Before a school bus stops to load or discharge passengers, the driver will flash yellow warning lights. The state Education Department recommends school bus drivers activate their yellow or amber lights approximately 300 feet before they stop. When you see the warning lights, decrease speed and be prepared to stop. When you stop for a school bus, you must wait until the red lights stop flashing or the bus driver or a traffic officer signals you can proceed. 
After you stop for a school bus, look for children along the side of the road. Drive slowly until you have passed them. Most school bus-related deaths and injuries occur while children cross the street after being discharged from the bus. Remember that vehicles that transport people with disabilities can be equipped as school buses and you must stop for them as you would for other school buses. Such vehicles are equipped with yellow and red signal lamps for use when picking up and dropping off passengers.
According to a new report from the National Highway Transportation Safety Administration that tracked school transportation-related crash data for 10 years, more school-age pedestrians were killed from 6 to 8 a.m. and from 3 to 4 p.m. than any other hours of the day.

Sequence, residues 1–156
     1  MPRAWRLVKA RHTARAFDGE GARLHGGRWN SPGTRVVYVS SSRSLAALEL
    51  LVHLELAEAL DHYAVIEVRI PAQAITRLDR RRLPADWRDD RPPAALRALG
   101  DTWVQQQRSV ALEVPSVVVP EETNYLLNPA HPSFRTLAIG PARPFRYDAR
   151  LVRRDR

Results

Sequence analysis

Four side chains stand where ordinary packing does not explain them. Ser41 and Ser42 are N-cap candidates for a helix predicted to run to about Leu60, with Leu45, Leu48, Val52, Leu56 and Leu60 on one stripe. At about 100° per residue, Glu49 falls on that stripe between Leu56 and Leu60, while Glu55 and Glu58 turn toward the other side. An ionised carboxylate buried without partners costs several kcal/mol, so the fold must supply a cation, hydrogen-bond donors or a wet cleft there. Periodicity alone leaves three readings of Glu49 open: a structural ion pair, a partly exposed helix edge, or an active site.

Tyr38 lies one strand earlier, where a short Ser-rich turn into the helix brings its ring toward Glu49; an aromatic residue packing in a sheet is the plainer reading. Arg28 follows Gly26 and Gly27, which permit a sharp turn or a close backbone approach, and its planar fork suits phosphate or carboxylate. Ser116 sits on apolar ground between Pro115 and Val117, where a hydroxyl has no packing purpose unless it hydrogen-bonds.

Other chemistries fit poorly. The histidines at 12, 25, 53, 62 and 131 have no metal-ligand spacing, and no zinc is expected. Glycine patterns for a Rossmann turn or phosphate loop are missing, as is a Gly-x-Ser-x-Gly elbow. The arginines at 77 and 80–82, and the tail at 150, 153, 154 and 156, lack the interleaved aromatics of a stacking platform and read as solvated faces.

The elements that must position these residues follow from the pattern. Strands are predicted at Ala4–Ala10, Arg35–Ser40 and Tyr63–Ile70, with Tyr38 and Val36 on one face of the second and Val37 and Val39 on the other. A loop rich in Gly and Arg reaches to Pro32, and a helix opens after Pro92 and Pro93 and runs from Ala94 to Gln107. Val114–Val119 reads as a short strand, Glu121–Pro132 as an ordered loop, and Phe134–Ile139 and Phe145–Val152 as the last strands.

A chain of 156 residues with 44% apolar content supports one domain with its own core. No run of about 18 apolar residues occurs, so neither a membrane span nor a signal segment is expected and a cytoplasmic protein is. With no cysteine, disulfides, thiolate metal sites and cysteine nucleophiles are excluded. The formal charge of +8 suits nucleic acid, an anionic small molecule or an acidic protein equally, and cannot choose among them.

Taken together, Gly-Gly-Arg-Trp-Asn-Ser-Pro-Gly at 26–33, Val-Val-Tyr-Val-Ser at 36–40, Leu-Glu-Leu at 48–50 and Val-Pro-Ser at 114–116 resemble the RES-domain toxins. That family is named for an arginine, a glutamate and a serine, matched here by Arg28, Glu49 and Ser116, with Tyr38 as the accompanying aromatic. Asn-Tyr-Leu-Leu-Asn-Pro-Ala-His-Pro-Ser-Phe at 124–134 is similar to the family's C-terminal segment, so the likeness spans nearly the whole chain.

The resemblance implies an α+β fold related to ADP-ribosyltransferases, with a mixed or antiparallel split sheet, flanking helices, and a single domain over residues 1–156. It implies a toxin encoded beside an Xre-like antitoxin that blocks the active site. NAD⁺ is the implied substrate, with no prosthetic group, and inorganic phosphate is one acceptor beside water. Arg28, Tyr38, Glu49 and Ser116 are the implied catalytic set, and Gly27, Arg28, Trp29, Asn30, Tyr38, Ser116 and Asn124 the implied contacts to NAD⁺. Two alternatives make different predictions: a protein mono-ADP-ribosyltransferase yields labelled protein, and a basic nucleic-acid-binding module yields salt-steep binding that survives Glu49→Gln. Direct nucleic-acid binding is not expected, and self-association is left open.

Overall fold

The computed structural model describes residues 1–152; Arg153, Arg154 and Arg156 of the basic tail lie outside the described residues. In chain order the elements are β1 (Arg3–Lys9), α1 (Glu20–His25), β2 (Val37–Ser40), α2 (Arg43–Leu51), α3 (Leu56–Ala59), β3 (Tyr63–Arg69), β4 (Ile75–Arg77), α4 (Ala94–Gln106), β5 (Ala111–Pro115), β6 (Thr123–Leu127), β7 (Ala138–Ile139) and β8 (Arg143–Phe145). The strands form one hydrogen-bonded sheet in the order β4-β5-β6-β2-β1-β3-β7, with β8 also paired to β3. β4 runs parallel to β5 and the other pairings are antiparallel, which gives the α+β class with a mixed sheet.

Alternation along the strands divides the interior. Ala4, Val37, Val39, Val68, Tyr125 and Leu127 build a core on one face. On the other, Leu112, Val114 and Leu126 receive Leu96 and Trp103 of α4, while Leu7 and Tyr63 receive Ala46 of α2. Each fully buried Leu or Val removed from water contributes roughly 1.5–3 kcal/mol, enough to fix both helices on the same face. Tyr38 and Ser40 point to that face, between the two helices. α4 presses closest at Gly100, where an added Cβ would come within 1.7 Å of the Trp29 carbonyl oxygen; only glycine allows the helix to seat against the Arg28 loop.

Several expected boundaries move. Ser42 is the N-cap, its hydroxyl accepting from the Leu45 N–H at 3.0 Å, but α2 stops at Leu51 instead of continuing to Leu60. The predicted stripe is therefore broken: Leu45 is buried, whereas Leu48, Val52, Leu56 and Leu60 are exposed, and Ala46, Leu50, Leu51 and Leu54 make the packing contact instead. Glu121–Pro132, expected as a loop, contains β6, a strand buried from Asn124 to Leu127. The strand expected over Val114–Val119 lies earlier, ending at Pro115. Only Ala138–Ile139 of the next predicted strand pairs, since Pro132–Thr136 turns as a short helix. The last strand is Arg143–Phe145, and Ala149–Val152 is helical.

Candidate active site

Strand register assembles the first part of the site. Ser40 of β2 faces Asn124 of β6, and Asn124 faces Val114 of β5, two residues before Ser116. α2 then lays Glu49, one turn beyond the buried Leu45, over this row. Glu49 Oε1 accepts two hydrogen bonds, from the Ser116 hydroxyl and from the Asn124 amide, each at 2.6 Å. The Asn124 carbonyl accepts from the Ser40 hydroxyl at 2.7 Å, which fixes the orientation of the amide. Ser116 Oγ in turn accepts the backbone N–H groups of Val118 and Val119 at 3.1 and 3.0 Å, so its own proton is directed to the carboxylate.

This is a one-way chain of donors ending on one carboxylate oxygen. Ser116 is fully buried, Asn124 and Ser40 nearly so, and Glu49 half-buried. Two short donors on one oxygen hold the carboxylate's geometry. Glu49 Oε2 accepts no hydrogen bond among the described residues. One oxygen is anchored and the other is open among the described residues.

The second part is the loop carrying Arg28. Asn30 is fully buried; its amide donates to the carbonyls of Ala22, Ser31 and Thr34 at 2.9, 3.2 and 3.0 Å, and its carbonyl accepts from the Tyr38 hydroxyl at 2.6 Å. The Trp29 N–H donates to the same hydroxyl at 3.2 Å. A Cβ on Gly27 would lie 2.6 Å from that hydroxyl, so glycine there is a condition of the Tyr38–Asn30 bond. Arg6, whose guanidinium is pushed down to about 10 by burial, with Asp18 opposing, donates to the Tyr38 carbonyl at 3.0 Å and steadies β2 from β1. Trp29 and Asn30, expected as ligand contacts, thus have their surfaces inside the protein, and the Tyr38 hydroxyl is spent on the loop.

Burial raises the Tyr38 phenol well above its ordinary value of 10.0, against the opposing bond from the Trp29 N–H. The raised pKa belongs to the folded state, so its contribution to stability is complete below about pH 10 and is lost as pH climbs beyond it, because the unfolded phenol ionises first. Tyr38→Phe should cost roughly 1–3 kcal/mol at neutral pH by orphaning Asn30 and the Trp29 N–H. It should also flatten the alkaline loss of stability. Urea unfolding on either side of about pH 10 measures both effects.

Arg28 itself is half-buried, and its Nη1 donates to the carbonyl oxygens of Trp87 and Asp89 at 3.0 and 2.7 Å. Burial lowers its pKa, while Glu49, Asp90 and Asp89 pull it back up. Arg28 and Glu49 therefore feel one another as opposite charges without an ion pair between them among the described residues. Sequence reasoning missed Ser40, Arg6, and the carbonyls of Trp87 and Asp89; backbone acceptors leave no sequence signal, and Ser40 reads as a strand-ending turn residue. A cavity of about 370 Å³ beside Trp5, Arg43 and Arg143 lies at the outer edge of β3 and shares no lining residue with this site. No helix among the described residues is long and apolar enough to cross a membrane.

From 2006 to 2015 there were 1,313 people of all ages killed in school transportation-related crashes — an average of 131 fatalities per year, the NHTSA report says. Fifty-four of them were occupants of school transportation vehicles, 137 were occupants of other vehicles, 102 were pedestrians, and 8 were bicyclists. Thirty-five percent of the school-age pedestrians killed in school-transportation-related crashes from 2006 to 2015 were 8 to 13 years old.
The National Association for Pupil Transportation offers some advice for parents on how to teach their children the proper way to exit a school bus: 
  • Warn children that if they drop something getting on and off the bus, they should never pick it up. Instead, they should tell the driver and follow the driver’s instructions.
  • Remind children to look to the right before they step off the bus.
  • If you meet your child at the bus stop after school, wait on the side where the child will be dropped off, not across the street. Children can be so excited to see you after school that they dash across the street and forget the safety rules.